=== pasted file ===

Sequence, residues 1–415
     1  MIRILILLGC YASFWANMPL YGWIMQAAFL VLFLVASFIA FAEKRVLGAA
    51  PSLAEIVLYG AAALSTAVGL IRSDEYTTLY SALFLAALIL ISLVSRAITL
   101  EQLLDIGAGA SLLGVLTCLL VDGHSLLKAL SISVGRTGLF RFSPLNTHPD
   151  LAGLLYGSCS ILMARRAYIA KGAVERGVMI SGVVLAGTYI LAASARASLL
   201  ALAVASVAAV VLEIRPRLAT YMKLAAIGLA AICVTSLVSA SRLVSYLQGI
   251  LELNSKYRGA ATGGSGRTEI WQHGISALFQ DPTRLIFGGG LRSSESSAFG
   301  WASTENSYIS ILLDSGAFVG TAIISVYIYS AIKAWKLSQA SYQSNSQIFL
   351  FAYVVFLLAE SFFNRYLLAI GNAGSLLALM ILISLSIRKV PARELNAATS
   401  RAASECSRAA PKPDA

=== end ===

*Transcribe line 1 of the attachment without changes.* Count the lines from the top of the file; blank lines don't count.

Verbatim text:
Sequence, residues 1–415